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24 records – page 1 of 3.

Are females at special risk of obesity if they become psychotic? The longitudinal Northern Finland 1966 Birth Cohort Study.

https://arctichealth.org/en/permalink/ahliterature82425
Source
Schizophr Res. 2006 May;84(1):15-9
Publication Type
Article
Date
May-2006
Author
Hakko Helinä
Komulainen M Tuomas
Koponen Hannu
Saari Kaisa
Laitinen Jaana
Järvelin Marjo-Riitta
Lindeman Sari
Author Affiliation
Oulu University Hospital, Department of Psychiatry, P.O. Box 26, 90029 Oulu University Hospital, Finland. helina.hakko@oulu.fi
Source
Schizophr Res. 2006 May;84(1):15-9
Date
May-2006
Language
English
Publication Type
Article
Keywords
Abdomen
Adolescent
Adult
Alcohol drinking - epidemiology
Anthropometry
Body mass index
Catchment Area (Health)
Cohort Studies
Demography
Female
Finland - epidemiology
Follow-Up Studies
Food Habits
Health status
Humans
Incidence
Male
Motor Activity
Obesity - diagnosis - epidemiology
Prevalence
Psychotic Disorders - diagnosis - epidemiology
Risk factors
Schizophrenia - epidemiology
Smoking - epidemiology
Weight Gain
Abstract
Obesity is a serious health problem, especially in patients with long-term mental disorders. We explored the socio-demographic, psychiatric, and clinical factors that increase the risk of changing from under- or normal weight in adolescence to overweight/obese in adulthood. We found a 3.6-fold risk of weight gain in females with psychotic disorder. Other significant correlates of weight gain in males were physical inactivity, unhealthy diet, high alcohol consumption, and being single; and in females, chronic diseases, physical inactivity, high alcohol consumption, and having at least three children. These findings emphasize the importance of regular weight monitoring in clinical practice, especially in females with psychotic disorders.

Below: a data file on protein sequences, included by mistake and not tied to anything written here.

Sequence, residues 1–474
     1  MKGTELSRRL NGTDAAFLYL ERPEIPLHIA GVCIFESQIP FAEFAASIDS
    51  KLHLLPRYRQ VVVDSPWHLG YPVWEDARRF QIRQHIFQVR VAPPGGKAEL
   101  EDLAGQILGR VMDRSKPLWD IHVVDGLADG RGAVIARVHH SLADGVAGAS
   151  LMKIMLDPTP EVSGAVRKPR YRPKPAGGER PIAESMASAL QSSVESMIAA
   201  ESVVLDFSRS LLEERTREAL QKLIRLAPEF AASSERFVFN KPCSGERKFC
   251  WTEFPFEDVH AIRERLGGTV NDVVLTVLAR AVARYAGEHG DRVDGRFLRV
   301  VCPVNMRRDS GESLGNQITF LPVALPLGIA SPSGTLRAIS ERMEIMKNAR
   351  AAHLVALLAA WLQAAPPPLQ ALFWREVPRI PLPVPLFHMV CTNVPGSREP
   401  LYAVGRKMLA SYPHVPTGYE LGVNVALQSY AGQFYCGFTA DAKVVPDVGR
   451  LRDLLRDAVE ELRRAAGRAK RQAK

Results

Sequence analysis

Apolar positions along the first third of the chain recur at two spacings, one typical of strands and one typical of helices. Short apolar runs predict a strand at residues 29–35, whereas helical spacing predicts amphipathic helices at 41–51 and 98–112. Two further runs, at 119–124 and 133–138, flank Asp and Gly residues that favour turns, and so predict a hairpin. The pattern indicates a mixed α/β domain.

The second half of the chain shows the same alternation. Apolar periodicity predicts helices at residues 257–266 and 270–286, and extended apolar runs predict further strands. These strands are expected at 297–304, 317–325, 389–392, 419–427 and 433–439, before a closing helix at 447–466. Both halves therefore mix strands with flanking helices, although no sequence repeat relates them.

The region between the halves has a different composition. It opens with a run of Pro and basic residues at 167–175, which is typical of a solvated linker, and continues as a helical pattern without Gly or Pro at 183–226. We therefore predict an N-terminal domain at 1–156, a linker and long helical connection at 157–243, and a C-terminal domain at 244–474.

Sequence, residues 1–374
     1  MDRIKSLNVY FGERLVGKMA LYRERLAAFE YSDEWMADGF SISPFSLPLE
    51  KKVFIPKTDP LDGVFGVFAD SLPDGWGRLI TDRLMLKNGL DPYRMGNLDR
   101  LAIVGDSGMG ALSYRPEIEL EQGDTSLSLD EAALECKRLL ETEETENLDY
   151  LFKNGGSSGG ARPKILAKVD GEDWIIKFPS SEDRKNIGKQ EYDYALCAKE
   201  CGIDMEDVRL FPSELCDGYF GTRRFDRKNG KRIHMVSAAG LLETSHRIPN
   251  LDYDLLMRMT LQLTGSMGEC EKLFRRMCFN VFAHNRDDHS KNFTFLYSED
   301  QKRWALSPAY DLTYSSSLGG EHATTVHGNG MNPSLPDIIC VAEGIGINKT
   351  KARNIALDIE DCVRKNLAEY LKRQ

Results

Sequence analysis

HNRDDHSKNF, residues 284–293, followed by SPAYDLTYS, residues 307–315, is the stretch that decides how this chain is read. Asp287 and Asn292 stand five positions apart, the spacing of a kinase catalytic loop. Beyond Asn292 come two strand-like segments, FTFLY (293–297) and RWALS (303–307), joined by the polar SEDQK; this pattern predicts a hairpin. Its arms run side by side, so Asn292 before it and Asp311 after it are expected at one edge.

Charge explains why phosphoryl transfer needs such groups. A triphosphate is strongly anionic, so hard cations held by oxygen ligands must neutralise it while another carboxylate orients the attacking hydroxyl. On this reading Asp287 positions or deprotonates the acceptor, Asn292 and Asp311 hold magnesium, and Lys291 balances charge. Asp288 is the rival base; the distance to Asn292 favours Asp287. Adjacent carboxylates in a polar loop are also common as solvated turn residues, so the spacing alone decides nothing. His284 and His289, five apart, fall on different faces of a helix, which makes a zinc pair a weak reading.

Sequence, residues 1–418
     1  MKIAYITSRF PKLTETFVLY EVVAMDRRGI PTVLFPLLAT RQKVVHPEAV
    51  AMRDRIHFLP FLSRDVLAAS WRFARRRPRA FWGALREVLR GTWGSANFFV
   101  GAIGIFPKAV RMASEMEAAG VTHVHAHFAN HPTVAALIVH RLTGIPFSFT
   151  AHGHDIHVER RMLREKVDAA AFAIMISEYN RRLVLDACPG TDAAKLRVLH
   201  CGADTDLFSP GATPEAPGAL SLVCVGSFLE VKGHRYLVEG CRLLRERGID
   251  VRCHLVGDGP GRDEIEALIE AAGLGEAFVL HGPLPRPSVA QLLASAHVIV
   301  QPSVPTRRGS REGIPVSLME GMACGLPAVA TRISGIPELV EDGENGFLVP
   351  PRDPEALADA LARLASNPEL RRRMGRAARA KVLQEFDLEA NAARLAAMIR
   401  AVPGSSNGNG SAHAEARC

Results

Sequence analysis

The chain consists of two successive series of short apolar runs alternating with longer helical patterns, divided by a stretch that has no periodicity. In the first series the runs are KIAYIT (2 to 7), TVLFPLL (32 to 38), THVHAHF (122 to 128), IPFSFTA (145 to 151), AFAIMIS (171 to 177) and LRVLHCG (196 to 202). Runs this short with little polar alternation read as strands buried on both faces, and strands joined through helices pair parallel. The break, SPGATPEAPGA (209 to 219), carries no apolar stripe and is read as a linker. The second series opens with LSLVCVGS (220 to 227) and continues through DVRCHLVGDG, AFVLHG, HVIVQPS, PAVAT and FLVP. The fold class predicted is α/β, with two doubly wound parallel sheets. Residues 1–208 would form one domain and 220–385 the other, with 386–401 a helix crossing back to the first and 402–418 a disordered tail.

PubMed ID
16626939 View in PubMed
Less detail

Association between age at onset and clinical features of schizophrenia: The Northern Finland 1966 birth cohort study.

https://arctichealth.org/en/permalink/ahliterature86875
Source
Eur Psychiatry. 2008 Aug;23(5):331-5
Publication Type
Article
Date
Aug-2008
Author
Luoma Suvi
Hakko Helinä
Ollinen Taru
Järvelin Marjo-Riitta
Lindeman Sari
Author Affiliation
Department of Psychiatry, University of Oulu, P.O. Box 5000, 90014 University of Oulu, Finland.
Source
Eur Psychiatry. 2008 Aug;23(5):331-5
Date
Aug-2008
Language
English
Publication Type
Article
Abstract
PURPOSE: To study the association between age at onset and the clinical picture of schizophrenia in an unselected young birth cohort. SUBJECTS AND METHODS: The study sample consists of 98 (64 males and 34 females) individuals with DSM-III-R schizophrenia collected from the Northern Finland 1966 birth cohort. Firstly, subjects were divided into very early- and young-onset subgroups by using the median age at onset (22 years in males and 20 in females), as a cut-off point. Secondly, we used age at onset as a continuous variable. Clinical features of schizophrenia were assessed using the Operational Criteria Checklist for Psychotic Illnesses (OCCPI). RESULTS: Inappropriate affect, positive thought disorder and deterioration from premorbid level of function associate with very early-onset schizophrenia, while slowed activity and dysphoria relate to young-onset. These symptoms correlate significantly with the age at onset. DISCUSSION: Differences in the clinical picture associating to the age at onset of schizophrenia are seen early. CONCLUSION: These findings indicate that certain symptoms of schizophrenia are dependent on the age at onset, and schizophrenia occurring initially in early life has some typical features. Using the age at onset as a continuous variable is independent of arbitrary cut-off points and produces more explicable results.
PubMed ID
18455370 View in PubMed
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Association between physical illnesses and depressive symptoms requiring hospitalization in suicide victims.

https://arctichealth.org/en/permalink/ahliterature92456
Source
Psychiatry Res. 2008 Sep 30;160(3):271-7
Publication Type
Article
Date
Sep-30-2008
Author
Hakko Helinä
Manninen Jussi
Karvonen Kaisa
Särkioja Terttu
Meyer-Rochow V Benno
Räsänen Pirkko
Timonen Markku
Author Affiliation
Oulu University Hospital, Department of Psychiatry, P.O.Box 26, 90029 Oulu University Hospital, Finland. helina.hakko@oulu.fi
Source
Psychiatry Res. 2008 Sep 30;160(3):271-7
Date
Sep-30-2008
Language
English